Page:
I bring you the review of the first book in a series I’ve been following for the last few years, and despite reading it out of order, or perhaps because of it, I loved it!
Not Just Any Man: A novel of Old New Mexico by Loretta Tollefson Historical fiction with a diverse cast and a fascinating account of life in early XIX c. New Mexico
Just a man. Known for his character, not the color of his skin.
That’s all Gerald, son of a free black man and an Irish servant girl, wants to be. It’s an impossible goal in slave-holding Missouri, but in the West, mountain men and villagers alike seem to accept him without question.
New Mexico is all that Gerald hoped for, but shortly after he arrives in Taos, he realizes he wants more than he’d thought: A girl with her own complex ancestry and a high mountain valley with intriguing potential.
To make either dream possible, Gerald needs to earn something more than a scratch living. The only way to do that is to trap beaver. It’s a tough way to earn cash and the wilderness is an unforgiving place.
Can Gerald survive the Sangre de Cristo mountains, the Mohave Indians, and the arid south rim of the Grand Canyon as well as the fellow trapper who hates him for the color of his skin? Can he prove to himself and the girl he loves that he is, after all, not just any man?
Loretta Miles Tollefson grew up in the American West in a log cabin built by her grandfather from timber harvested from the land around it. She lives in New Mexico’s Sangre de Cristo mountains, where she researches the region’s history and imagines what it would have been like to actually experience it.
Loretta Miles Tollefson has been publishing fiction and poetry since 1975. (She’s not old–she started young!) Growing up in foothills of the Olympic Mountains in the log cabin her grandfather built and her father was born in led naturally to an interest in history and historical fiction. When she retired to the mountains of northern New Mexico, writing historical fiction set there was a logical result. The Moreno Valley Sketches books are the first in many planned books set there.
Before turning to historical fiction full time, Loretta wrote Crown of Laurel, a novel set in Seattle in the recession of the early 1980’s. Loretta holds a B.S. in Bible Education from Multnomah University in Portland, Oregon. This background informs her poetry collections Mary at the Cross: Voices from the New Testament and And Then Moses Was There: Voices from the Old Testament.
In the mid-1980’s, Loretta and her husband suffered the loss of their first child in the fifth month of pregnancy. Her poetry collection But Still My Child came out of that period and is designed to help others deal with the pain of miscarriage.
Loretta holds M.A.’s in Communication and in English Literature from the University of New Mexico. Most days, you’ll find her researching New Mexico history in the 1800’s and writing furiously. She publishes short historical fiction every week at https://lorettamilestollefson.com/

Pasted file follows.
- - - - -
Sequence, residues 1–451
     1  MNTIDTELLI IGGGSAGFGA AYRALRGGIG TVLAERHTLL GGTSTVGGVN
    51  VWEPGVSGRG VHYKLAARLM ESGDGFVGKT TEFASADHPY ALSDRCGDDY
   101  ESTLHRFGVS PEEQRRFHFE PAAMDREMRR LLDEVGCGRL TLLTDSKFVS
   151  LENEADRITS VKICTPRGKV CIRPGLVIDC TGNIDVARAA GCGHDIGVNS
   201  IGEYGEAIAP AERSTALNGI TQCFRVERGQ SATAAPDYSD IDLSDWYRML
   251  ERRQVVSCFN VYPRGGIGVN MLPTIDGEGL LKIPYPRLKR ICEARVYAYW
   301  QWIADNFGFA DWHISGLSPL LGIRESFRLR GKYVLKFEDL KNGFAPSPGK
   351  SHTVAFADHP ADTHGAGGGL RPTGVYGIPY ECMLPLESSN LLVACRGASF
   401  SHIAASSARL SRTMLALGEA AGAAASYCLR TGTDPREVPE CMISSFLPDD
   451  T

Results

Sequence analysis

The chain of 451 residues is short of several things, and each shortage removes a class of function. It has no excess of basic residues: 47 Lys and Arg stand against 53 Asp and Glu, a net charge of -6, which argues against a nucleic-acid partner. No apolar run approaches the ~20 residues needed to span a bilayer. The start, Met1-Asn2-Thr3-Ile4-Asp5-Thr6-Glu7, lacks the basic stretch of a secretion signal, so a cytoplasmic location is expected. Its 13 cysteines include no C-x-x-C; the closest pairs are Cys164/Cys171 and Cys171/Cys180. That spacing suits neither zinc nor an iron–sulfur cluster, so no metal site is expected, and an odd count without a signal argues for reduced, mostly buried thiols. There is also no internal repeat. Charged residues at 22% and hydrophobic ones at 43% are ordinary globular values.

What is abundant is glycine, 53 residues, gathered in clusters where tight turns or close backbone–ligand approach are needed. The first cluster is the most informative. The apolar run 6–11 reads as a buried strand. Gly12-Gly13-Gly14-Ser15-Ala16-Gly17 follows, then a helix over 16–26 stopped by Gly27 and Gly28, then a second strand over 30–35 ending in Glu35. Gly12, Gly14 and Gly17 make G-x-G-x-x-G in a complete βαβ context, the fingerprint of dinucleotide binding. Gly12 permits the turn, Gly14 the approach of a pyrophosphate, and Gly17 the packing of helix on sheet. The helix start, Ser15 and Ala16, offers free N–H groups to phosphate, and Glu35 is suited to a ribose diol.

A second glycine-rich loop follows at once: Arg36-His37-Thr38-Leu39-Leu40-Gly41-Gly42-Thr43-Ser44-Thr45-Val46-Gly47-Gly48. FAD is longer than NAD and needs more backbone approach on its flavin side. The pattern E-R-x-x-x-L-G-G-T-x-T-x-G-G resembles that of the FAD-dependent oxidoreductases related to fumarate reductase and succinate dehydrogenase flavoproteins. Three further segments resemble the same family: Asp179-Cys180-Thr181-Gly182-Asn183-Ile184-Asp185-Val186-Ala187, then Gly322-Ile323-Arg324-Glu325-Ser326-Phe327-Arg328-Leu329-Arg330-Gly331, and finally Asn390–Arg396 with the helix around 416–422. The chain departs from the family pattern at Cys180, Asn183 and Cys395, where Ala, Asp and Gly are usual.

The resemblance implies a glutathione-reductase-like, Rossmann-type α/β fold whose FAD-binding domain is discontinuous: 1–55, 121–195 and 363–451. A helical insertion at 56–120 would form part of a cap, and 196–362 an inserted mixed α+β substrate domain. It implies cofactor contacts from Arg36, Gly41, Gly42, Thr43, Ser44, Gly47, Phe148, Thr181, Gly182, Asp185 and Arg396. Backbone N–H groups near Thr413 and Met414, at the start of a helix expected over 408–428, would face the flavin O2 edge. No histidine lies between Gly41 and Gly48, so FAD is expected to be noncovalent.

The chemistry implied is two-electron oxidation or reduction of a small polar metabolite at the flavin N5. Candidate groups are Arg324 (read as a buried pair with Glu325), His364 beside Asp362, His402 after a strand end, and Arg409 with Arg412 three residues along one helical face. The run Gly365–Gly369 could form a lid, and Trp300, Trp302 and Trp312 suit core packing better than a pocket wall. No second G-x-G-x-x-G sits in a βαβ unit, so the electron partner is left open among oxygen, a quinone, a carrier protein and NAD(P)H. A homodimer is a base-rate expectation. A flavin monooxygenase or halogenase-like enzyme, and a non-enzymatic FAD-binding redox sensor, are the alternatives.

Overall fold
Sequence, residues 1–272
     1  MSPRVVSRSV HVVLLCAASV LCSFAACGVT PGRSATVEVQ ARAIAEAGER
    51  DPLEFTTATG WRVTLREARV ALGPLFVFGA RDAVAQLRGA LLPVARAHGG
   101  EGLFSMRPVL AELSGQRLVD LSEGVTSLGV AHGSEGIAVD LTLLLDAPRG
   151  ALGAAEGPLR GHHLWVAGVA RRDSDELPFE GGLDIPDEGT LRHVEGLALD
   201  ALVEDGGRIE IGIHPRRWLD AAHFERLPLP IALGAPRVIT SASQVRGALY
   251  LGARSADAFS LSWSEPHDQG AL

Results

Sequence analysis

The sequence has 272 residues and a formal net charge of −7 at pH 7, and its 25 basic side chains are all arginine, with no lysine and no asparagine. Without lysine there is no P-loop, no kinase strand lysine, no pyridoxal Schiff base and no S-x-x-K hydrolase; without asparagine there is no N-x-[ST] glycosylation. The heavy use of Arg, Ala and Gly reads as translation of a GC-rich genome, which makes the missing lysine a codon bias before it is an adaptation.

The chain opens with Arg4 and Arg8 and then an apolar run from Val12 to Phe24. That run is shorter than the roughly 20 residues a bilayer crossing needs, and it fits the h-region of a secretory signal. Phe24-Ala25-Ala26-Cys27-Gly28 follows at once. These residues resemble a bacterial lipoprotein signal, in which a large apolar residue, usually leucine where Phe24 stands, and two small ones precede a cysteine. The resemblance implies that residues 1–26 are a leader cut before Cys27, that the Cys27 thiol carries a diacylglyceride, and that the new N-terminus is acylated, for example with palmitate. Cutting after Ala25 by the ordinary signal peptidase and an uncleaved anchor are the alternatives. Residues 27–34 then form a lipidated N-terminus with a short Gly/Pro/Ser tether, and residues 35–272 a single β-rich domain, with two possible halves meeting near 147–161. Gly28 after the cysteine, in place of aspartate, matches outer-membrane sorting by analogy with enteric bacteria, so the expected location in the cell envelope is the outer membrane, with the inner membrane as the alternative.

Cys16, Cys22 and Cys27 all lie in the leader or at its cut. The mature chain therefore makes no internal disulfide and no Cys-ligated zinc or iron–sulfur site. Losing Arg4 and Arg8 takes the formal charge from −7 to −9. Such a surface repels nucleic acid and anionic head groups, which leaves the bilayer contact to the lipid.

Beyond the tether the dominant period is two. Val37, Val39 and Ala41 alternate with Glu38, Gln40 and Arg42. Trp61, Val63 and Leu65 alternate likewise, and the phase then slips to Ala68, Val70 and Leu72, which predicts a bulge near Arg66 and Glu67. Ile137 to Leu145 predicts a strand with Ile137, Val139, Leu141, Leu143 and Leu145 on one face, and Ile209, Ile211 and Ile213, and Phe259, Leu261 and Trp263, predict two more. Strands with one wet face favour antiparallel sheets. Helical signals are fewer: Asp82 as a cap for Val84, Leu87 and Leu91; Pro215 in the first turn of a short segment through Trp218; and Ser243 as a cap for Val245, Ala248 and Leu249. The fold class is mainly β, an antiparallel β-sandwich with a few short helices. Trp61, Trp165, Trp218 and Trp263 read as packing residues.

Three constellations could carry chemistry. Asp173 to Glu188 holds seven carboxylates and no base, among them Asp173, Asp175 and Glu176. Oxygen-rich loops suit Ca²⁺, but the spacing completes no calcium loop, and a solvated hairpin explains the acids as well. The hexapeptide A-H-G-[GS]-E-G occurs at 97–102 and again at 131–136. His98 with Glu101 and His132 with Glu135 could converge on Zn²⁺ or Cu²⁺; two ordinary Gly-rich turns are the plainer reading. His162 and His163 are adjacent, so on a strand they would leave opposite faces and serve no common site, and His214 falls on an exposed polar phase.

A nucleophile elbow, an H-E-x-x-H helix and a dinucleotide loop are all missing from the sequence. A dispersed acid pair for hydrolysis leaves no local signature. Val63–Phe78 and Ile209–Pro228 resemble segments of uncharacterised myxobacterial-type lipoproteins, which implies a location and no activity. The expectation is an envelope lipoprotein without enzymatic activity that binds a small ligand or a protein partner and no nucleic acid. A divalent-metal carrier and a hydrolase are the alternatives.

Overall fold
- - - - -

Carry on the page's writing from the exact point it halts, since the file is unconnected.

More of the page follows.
A copy of the novel was provided for my perusal, and I freely chose to review it.
This is the third of Loretta Tollefson’s Old New Mexico novels I read, although it is the first one in the series that relates the adventures of Gerald Locke and his family. I came across the second novel thanks to a review group I belong to (authors, if you are looking for reviews, check Rosie’s Book Review Team here), (Not My Father’s House, check the review here), loved it , and read the third one when it was published, (No Secret Too Small, you can find the review here), and loved it as well. When I was offered the option to read the beginning of the saga, I couldn’t resist. And although I know I haven’t read the series as it was designed and intended, it has worked wonderfully for me. It was like having hindsight in reverse: I knew everything that would happen later, and I got to see how things had started, and why they had developed the way they did. It was a fascinating exercise, as it helped me realise how well-conceived the whole story is, and how many details and words that we might not think are important to the plot when we read them, in the end, are fundamental to the development of the whole narrative. It all fits in, organically. This is not a series where books are just added to stretch the story or to tell the further adventures of the characters. This is a story told in three books, where each one gives more attention and voice to one of the characters in the family. And, although that does not mean each book cannot be read in its own right, the whole is more than the sum of its individual parts.
The author has personal knowledge of the area, and of the lifestyle as well, as stated in her biography, and her skills as a researcher and her interest in history shine through this book and the whole series. She manages to insert her fictional characters into a world that feels incredibly close to how life must have been in New Mexico at the time, and the inclusion of real historical events and characters (mayors [alcaldes, as the territory was under Mexican rule in the early XIX century, when the story is set], governors and other local politicians, priests, soldiers, and military men, trappers, Native American chiefs, members of the important families, merchants…), and her use of original sources from the era make give it a very vivid feel, as if we were immersed in the era, partaking in the trapping expeditions, and becoming involved in the complex and changing politics.